As these grass flats can be expansive, drifting is usually the preferred technique when trying to locate fish. Wind and tide are crucial elements when formulating a strategy. Ideally, setting up a drift where the current flow and wind will move the boat in the same direction is the best approach. This is not always possible, and can result in the boat “crabbing” sideways and also causing a drag on the fly line.
Once a likely flat has been chosen, it is time to start fishing! Begin the drift on the upwind edge of the flat and let the boat drift with the wind and tide, putting the wind over the casting shoulder of the angler. The fly is cast out, allowed to sink, and then retrieved back in. Anglers should vary the sink time and stripping technique until a productive pattern emerges. When a fish takes the fly, the “strip set” method is used to hook it. The rod should be low to the water as the fly is retrieved. When the fish takes, pull hard on the fly line with the stripping hand, removing all of the slack, then gently raise the rod tip.
Fish may like it very fast and aggressive while at times a more subtle and deliberate approach will work better. Don’t get preoccupied with the fly pattern; presentation is the most important aspect. Also, different species will respond better to different retrieves. Trout and pompano like it a bit closer to the bottom while mackerel, bluefish, and ladyfish will take a fly stripped very quickly.
While a 6 knot wind is just about perfect, fly anglers will quite often be dealing with winds in excess of that. There are strategies and techniques that will help fly casters deal with a bit of breeze. Casting at a 45 degree degree angle instead of straight out from the boat will help quite a bit. This allows the fly line to swing out and be retrieved parallel to the boat. This is a bit like freshwater trout anglers “swinging a nymph”. As the slack comes out of the line the fly will speed up, often times triggering a strike. On a quickly moving boat it is difficult to retrieve the fly fast enough when cast straight out.
Anchors and drift socks can also be effective tools. A drift anchor will slow the drift of the boat and can also be used to keep the boat angle positioned correctly. An anchor can be deployed from the stern once fish are located, allowing anglers to thoroughly work the area, maximizing the opportunity. Once the action slows, simply lift the anchor and continue the drift.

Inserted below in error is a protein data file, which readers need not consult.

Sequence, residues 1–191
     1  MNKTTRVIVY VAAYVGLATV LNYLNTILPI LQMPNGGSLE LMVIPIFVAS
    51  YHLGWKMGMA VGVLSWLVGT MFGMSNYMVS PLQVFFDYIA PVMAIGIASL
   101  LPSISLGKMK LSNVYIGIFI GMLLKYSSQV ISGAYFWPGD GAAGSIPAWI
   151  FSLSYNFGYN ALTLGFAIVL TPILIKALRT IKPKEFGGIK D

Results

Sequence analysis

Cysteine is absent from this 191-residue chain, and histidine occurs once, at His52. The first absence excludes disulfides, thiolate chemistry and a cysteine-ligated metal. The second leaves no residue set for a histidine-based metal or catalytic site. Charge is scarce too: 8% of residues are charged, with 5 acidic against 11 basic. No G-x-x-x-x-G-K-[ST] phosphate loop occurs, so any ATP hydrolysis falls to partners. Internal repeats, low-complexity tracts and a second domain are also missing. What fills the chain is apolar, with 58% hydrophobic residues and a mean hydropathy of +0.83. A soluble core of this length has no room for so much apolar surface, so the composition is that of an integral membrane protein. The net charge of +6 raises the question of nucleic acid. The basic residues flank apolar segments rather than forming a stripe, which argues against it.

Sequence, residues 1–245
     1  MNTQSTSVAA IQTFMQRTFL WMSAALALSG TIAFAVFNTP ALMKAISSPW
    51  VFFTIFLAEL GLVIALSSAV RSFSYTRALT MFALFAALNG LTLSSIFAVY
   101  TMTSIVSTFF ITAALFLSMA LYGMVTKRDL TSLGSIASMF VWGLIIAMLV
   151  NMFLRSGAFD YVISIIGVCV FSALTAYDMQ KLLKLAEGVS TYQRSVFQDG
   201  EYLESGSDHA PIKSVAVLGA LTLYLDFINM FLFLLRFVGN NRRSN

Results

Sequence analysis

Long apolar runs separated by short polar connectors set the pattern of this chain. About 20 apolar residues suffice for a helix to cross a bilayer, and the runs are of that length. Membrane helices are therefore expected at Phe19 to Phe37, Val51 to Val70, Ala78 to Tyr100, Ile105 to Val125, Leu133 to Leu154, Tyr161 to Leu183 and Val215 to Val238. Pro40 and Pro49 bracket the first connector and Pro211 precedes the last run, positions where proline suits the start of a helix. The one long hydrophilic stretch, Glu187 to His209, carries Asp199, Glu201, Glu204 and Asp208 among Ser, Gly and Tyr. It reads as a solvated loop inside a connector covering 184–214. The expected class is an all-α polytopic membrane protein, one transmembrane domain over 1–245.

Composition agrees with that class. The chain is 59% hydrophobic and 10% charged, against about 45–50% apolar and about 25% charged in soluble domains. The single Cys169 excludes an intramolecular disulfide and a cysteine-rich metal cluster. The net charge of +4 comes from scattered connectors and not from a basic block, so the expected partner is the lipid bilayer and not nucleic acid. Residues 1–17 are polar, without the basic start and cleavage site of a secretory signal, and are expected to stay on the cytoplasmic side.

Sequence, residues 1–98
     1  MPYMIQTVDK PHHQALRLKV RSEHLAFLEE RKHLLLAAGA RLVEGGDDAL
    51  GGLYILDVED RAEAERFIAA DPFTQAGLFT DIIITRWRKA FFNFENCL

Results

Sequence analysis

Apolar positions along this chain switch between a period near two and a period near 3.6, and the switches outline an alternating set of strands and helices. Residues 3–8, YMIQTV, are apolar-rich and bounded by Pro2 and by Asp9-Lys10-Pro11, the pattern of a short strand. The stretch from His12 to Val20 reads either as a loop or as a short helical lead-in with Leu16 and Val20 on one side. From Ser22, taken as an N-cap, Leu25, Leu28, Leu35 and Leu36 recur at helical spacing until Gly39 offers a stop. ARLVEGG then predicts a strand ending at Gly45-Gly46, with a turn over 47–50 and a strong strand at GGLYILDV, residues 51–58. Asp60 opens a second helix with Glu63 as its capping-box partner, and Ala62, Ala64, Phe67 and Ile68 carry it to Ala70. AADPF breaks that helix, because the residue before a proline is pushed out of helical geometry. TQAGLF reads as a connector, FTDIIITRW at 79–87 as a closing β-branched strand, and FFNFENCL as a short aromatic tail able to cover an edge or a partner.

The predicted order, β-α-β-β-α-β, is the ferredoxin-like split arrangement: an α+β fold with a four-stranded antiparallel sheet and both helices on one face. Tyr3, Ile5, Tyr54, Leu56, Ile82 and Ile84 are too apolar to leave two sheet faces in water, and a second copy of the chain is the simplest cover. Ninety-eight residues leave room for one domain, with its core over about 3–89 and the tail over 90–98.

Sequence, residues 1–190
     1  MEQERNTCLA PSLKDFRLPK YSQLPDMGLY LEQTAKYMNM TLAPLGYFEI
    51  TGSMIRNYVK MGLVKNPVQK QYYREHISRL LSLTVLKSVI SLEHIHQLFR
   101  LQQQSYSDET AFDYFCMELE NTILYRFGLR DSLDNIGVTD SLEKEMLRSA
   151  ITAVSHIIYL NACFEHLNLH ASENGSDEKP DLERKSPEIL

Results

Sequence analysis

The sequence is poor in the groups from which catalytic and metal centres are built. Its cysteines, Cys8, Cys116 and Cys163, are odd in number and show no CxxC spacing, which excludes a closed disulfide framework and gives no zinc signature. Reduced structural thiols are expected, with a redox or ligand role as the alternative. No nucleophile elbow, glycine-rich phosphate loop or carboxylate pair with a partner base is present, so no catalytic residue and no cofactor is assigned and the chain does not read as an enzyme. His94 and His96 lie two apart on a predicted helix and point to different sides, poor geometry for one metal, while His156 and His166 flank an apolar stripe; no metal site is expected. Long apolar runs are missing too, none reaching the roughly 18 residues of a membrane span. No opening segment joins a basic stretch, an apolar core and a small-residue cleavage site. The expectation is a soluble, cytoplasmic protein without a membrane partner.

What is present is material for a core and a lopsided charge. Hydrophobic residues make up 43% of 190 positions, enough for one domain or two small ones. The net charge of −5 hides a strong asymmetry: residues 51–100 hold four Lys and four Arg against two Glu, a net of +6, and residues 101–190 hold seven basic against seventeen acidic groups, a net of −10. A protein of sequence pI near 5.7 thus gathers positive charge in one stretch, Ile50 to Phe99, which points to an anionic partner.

Give the deep grass flats a try and don’t ignore “fun” species including ladyfish, jacks, and bluefish, it is a great option for a Sarasota fly fishing charter. Many anglers focus on the “glamour” species such as snook, redfish, and even tarpon. But the reality is that fly fishers seeking a bent rod will enjoy the action and variety that working the deep flats provides. “Fun fish” provide great action and are perfect for the novice to gain confidence and the more experienced angler to practice on. They are also perfect for introducing kids to the sport. Lastly, even the experienced fly caster needs the occasional confidence booster after a few tough outings. There is nothing better than spending a few hours out on the water and catching a couple dozen fish and multiple species.
Anglers seeking a bit more of a challenge can opt to target snook, redfish, and jack crevelle. These species require more patience as it is not a numbers game. Mangrove shorelines, oyster bars, docks, holes, and other structure will hold fish. Phillippi Creek is a great spot to fly fish in the winter as gamefish will concentrate there. The characteristics of Sarasota Bay changes south of the north Siesta Key bridge. Grass is less abundant and oyster bars and mangrove shorelines dominate the environment. That is where I normally focus on snook, reds, and jacks.